Robert Venturi and Denise Scott Brown - Design London Wednesday, April 26, 2023 | Phillips

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  • ‘‘What I propose is chairs, tables and bureaus, that adapt a series of historical styles involving wit, variety, and industrial process’’. 
    —Robert Venturi

    The ‘Chippendale’ chair, belonging to a series of works created by the American architects Robert Venturi and Denise Scott Brown, perfectly encapsulates the ethos of postmodern design: transcending categorisation through a playful reworking of historical idioms. The model is part of Venturi and Scott Brown’s collaboration with the furniture manufacturer Knoll, which began in the late 1970s and led to the design of nine historically inspired chairs, along with three tables, a sofa, and a set of surface patterns. In his 1978 proposal for the furniture series, Venturi described his impetus for the project; ‘What I propose is chairs, tables and bureaus, that adapt a series of historical styles involving wit, variety, and industrial process’.


    The model was designed and named after Thomas Chippendale, the eighteenth-century English cabinetmaker who produced works in the richly ornamental Rococo style. Here, Venturi and Scott Brown borrowed motifs from Chippendale’s original Rococo chair but used modern materials and manufacturing processes to simplify and abstract the initial form. The chair echoes its traditional counterpart in the elegantly carved ‘Chippendale ears’, which describes the two pieces that flare out to the sides of the crest rail. Perspective is central to the design, with the ornamental cut-outs of the backrest only visible when it is viewed from the front. From the side, the true minimal shape of the piece becomes apparent, revealing the flatness of the ornamentation in what Venturi likens to ‘a building with a false façade'.



    Side and front elevations by Robert Venturi for the ‘Chippendale’ chair, 1980.
    © Venturi, Scott Brown and Associates.


    The present ‘Chippendale’ chair holds a particular significance given that it was originally belonged to Marion Bolton-Stroud, who established The Fabric Workshop in Philadelphia in 1977 to host artist residencies. Visiting practitioners, including Venturi, were encouraged to develop their work without rules or limits, and it was here that Bolton-Stroud became an influential figure in Venturi’s career.


    By assessing its formal execution, it can be inferred that this chair is a rare prototype of the ‘Chippendale’ model, diverging from that which was officially produced in several respects. The chair also provides a valuable insight into the experimental process by which Venturi and Scott Brown approached their designs. The curvature of the front legs differs from the production version, in which they are flatter; an adaptation that was likely made to accommodate Knoll’s production cost requirements. Materially, the present example is also different given that the legs are executed in ply, while the production version has plastic legs.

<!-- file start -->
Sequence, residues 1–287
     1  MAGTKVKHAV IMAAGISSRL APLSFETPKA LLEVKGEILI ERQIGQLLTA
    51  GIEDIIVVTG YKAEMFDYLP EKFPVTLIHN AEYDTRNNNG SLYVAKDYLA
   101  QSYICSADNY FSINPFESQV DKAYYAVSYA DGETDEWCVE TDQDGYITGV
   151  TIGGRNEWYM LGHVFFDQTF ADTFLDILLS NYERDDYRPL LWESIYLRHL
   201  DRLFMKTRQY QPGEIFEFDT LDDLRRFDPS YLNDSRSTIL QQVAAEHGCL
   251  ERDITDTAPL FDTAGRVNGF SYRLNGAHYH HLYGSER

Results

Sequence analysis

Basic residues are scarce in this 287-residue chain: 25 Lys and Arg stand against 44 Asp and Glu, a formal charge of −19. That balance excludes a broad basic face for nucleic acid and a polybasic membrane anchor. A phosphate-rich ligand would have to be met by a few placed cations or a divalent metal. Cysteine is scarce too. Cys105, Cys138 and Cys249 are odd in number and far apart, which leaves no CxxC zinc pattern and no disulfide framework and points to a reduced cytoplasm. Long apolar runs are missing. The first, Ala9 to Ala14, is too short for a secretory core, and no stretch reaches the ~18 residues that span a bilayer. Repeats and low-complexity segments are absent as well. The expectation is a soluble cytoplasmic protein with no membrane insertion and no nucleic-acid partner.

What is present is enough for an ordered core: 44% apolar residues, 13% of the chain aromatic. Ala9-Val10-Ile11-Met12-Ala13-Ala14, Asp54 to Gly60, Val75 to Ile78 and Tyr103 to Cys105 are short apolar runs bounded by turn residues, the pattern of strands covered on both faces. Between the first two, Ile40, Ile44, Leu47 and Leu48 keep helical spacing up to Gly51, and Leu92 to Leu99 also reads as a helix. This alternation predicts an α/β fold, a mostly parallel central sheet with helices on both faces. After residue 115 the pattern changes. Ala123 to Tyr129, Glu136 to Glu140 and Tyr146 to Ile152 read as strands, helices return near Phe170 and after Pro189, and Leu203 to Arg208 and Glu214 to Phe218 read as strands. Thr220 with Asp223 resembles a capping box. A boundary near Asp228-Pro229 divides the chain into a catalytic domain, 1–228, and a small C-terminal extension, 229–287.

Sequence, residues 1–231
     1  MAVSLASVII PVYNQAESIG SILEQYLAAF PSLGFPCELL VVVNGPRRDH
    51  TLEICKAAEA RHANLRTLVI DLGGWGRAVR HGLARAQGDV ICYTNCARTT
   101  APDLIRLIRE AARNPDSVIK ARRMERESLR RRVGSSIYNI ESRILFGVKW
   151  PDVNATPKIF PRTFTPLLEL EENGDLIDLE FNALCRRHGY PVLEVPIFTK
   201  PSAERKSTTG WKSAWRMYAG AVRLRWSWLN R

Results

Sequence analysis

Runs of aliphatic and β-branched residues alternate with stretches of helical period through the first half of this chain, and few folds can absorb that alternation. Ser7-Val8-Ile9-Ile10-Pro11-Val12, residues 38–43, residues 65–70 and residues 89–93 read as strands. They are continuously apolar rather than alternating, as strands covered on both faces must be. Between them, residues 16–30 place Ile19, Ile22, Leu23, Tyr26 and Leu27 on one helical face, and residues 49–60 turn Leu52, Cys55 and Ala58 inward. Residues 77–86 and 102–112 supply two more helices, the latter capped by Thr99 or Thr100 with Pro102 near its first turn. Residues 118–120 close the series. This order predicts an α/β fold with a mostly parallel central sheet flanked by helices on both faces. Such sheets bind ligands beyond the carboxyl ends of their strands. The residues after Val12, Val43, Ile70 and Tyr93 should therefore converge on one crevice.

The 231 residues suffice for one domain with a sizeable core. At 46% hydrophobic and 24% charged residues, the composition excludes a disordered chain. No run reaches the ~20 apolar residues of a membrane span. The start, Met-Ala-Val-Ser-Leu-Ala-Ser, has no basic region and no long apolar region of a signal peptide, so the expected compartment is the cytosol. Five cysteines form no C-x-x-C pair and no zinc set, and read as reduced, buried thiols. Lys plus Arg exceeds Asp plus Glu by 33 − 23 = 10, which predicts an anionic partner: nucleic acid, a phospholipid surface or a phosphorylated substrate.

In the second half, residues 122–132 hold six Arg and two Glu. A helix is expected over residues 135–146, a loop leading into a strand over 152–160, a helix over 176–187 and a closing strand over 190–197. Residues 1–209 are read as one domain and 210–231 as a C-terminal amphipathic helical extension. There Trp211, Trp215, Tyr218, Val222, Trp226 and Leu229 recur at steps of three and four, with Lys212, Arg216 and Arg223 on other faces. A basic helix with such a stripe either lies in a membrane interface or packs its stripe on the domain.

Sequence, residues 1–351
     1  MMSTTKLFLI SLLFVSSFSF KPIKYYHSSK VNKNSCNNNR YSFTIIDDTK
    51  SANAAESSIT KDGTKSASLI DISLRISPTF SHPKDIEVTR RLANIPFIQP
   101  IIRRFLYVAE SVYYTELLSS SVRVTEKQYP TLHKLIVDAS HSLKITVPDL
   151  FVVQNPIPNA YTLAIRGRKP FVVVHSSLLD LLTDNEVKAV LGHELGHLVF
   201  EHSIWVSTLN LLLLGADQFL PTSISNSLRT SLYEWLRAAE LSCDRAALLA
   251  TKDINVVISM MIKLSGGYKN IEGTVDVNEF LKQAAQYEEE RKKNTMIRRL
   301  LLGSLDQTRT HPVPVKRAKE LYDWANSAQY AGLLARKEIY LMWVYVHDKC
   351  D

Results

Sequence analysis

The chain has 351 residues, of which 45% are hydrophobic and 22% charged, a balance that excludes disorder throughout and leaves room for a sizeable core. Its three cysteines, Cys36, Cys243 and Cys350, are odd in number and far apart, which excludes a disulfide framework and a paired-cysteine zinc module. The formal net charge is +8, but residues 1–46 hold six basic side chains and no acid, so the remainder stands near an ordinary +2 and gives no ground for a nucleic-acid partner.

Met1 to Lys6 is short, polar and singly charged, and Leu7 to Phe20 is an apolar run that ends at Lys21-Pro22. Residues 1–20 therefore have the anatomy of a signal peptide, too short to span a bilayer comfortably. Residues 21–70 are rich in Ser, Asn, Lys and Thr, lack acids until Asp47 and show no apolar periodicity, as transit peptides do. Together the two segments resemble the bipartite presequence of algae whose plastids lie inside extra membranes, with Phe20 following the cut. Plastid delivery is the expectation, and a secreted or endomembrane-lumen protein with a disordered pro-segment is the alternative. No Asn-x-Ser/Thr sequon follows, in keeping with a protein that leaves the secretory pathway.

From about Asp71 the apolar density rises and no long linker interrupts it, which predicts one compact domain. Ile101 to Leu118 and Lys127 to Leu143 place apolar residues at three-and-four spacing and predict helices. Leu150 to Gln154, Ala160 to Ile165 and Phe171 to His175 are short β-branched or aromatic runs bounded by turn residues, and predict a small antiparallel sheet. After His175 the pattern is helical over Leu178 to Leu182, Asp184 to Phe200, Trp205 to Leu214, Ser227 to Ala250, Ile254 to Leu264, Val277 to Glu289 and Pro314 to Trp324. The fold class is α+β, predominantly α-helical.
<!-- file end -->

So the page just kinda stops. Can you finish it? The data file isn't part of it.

The laminate pattern is perhaps the most idiosyncratic design feature of the chair, in that it was never used in its serial production. The production variants were typically executed in Venturi and Scott Brown’s own surface patterns. The ‘Bacterio’ print of the present example, composed of repeating blue curlicue shapes, can be traced to a series of patterns designed by Ettore Sottsass, Jr. for the Italian plastic laminate manufacturer Abet Laminati in the 1960s and 1970s. Sottsass began by experimenting with plastic laminate patterns in his sculptural ‘Superboxes’; prototype cabinets which were never produced for consumption. Influenced by the built environment, Sottsass designed his patterns by stylising the textures of found objects and buildings. He created the ‘Bacterio’ print, for instance, by abstracting the wall surface of a Buddhist temple in Madurai, India. The Laminate patterns went on to be used in various works by the Memphis Group, the Italian design collective founded by Sottsass in the 1980s. At the time that the present chair was executed, Sottsass had also begun collaborating with Knoll. It is likely this connection, as well as the quintessentially contemporary appearance of the pattern, that prompted Venturi and Scott Brown to use it as a test material in the design of this striking chair.

    • Provenance

      Estate of Marion Boulton Stroud, Philadelphia
      Wright, Chicago, 'Design', 22 March 2018, lot 236
      Acquired from the above by the present owner

    • Literature

      Michael Collins and Andreas Papadakēs, Post-Modern Design, New York, 1989, pp. 102, 110, 112 for similar examples
      David B. Brownlee, David G. DeLong, and Kathryn B. Hiesinger, Out of the Ordinary: Robert Venturi, Denise Scott Brown and Associates, exh. cat., Philadelphia Museum of Art, Philadelphia, 2001, pp. 201, 209 for similar examples
      Nancy Schiffer, Knoll Home & Office Furniture, Atglen, Pennsylvania, 2006, p. 164 for a similar example
      Judith Gura, Post-Modern Design Complete, New York, 2017, p. 24 for a similar example


Prototype 'Chippendale' chair

circa 1983
Plastic laminate-covered plywood, fabric.
94.6 x 58.8 x 58.9 cm (37 1/4 x 23 1/8 x 23 1/4 in.)
Manufactured by Knoll International, Inc., New York. 'Bacterio' pattern designed by Ettore Sottsass, Jr. for Abet Laminati, Bra, Italy.

Full Cataloguing

£4,000 - 6,000 

Sold for £8,890

Contact Specialist

Antonia King
Head of Sale, Design
+44 20 7901 7944


London Auction 26 April 2023